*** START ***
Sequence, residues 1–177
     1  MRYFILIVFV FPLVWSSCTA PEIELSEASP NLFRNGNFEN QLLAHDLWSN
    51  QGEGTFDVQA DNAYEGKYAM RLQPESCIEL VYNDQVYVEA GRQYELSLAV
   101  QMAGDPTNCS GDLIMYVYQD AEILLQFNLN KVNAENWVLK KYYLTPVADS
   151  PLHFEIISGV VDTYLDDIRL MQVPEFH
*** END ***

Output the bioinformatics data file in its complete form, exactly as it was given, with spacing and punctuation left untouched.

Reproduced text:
Sequence, residues 1–177
     1  MRYFILIVFV FPLVWSSCTA PEIELSEASP NLFRNGNFEN QLLAHDLWSN
    51  QGEGTFDVQA DNAYEGKYAM RLQPESCIEL VYNDQVYVEA GRQYELSLAV
   101  QMAGDPTNCS GDLIMYVYQD AEILLQFNLN KVNAENWVLK KYYLTPVADS
   151  PLHFEIISGV VDTYLDDIRL MQVPEFH